Years ago, my friend Jesse told me about a humbling experience she’d had while climbing Kilimanjaro in eastern Africa. Now, while Kilimanjaro is considered to be quite a challenging trek–difficult, but doable–it wasn’t the hike itself that she found humbling: it was the guide. It seems that somewhere around the third or fourth day, Jesse came to the ego-shattering realization that her middle-aged climbing guide intended not only to do the entire hike wearing the same ratty old bathrobe and bedroom slippers, but also while chain-smoking cheap unfiltered cigarettes along the way.
This meant that, for Jesse at least, the usual feelings of pride and accomplishment experienced after a successful summit bid were instead replaced for her by a sort of nonspecific disgruntled chagrin; after all, it’s hard to really appreciate a major life victory when you’ve only gotten there by following in the footsteps of a man who could easily have been Archie Bunker’s Tanzanian twin.
Now, while I can’t quite match that story, I do think I can finally appreciate what Jesse must have been feeling on that trek; even though I don’t have a bathrobe-wearing mountain guide, I do have something equally obnoxious: my son, Clyde.
It all started on our last trip down to the Valley, when, perhaps due to an excess of oxygen in my blood, I decided that the time was right to take the entire family on a little hike. After consulting several maps and guidebooks I decided that, because of its unique geographical profile (in other words, it was closest to our hotel), Camelback Mountain would be the hike for us. Besides, our guidebook (printed, I later noticed, in Great Britain) described this particular hike as “easy.”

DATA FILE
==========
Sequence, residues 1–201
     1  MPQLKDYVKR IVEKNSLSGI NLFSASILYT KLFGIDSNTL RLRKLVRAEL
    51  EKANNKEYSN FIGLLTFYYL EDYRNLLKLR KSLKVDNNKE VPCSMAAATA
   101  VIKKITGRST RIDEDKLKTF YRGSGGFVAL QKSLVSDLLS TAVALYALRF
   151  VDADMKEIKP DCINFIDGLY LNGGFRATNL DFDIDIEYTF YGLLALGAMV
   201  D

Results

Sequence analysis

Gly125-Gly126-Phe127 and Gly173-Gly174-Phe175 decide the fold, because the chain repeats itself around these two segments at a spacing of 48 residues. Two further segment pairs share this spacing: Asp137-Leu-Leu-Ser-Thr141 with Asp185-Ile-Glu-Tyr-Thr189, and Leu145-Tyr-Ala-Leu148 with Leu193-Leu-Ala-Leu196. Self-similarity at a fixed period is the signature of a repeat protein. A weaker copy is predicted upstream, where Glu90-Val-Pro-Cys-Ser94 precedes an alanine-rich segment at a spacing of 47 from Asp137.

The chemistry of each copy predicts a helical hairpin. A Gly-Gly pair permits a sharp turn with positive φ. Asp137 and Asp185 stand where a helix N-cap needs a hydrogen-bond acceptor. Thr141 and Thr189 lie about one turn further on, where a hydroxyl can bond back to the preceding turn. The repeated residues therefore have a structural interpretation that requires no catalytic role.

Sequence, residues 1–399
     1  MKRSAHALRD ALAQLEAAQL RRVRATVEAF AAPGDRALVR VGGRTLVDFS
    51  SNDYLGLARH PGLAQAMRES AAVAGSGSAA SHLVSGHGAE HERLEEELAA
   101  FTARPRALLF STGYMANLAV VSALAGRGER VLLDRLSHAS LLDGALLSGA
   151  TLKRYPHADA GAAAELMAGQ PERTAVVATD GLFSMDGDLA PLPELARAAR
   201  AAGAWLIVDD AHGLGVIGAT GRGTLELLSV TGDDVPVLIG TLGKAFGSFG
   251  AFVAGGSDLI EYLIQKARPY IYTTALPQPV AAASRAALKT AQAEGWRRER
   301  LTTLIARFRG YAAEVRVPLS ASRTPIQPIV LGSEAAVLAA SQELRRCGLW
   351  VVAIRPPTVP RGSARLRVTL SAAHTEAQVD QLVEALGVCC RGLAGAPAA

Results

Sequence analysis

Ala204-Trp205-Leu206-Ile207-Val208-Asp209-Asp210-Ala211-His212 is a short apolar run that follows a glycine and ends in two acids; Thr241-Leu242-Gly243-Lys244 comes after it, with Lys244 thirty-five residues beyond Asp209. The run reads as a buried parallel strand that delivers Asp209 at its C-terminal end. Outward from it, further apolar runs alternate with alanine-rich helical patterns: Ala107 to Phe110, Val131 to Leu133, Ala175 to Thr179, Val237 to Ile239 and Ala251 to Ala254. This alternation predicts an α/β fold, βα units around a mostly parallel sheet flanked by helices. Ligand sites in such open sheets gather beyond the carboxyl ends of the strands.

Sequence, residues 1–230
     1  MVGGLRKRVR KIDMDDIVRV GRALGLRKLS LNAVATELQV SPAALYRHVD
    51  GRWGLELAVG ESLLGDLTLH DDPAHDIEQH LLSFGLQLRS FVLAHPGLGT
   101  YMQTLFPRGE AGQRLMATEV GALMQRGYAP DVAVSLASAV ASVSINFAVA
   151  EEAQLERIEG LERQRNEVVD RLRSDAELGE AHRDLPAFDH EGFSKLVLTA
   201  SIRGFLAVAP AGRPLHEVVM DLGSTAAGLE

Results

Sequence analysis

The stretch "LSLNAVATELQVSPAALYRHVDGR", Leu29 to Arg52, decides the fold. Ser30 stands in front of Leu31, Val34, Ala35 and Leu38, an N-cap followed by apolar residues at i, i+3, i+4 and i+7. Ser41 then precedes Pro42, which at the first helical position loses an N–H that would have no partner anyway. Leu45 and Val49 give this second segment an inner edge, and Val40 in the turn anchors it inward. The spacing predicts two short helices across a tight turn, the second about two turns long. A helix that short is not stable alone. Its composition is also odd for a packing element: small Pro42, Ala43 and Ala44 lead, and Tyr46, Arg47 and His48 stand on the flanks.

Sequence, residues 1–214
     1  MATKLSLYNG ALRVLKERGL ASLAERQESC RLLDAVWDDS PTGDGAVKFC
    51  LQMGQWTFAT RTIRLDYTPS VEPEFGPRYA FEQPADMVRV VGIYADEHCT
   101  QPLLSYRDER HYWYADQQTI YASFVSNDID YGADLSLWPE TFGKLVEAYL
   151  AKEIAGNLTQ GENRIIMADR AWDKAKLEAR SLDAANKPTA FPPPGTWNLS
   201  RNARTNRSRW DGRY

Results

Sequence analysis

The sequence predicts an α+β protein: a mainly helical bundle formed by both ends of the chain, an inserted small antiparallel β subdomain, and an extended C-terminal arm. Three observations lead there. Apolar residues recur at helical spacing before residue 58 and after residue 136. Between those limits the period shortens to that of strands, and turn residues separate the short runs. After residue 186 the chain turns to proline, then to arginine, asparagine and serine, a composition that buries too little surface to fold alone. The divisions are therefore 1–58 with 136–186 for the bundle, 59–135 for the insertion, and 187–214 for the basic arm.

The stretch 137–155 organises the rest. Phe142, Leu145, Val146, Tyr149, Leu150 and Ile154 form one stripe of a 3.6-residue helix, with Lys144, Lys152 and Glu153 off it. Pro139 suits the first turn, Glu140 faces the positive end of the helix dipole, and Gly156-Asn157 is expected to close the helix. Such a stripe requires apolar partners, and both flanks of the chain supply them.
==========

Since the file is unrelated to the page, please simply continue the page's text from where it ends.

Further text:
Now, I don’t know if “easy” is British slang for “almost completely vertical,” or if they’re still upset about the War of 1812, but what I do know is that, had I been given proper advance warning as to how difficult this hike would actually turn out to be, I would have never started my five-year old up the trail. And, on another note, had I known what a vastly superior climber he was to me, I certainly would have never let him finish it.
As I huffed and puffed my way straight up the side of the mountain, I didn’t really mind the Camelback regulars who sprinted past me with a cheery “lovely day, isn’t it?”; after all, these were people who looked like they could crack open Brazil nuts with their butt cheeks. And I also didn’t mind being passed up by grey-haired firemen; they hiked this mountain all the time for rescue training, and besides, at least they were sweating. What I did mind, though, was being handily passed by a five-year-old who spent the whole trip heartily singing.
It wasn’t fair: even though his legs are half as long as mine, and even though his lungs and heart are half as big, Clyde casually strolled up the near vertical face, all the while singing a little ditty he made up about how “some people go up, some people do down, and that’s how you share the moun-tain.” There wasn’t a drop of sweat on his dusky cheeks, or a single little blond hair out of place. If he had known how, I’m sure he would have been whistling.
Watching him gambol merrily up the mountainside, it was then that I remembered my friend Jesse’s trip, and suddenly I understood the disgruntled chagrin she had felt all those years before on Kilimanjaro. The only solace I could take was that, at least in my case, it was all to be expected–it is the natural order, after all, for the old to be succeeded by the young. Still, it is awfully galling to be shown up by a five-year-old–especially one who is singing. Oh well–at least he wasn’t smoking.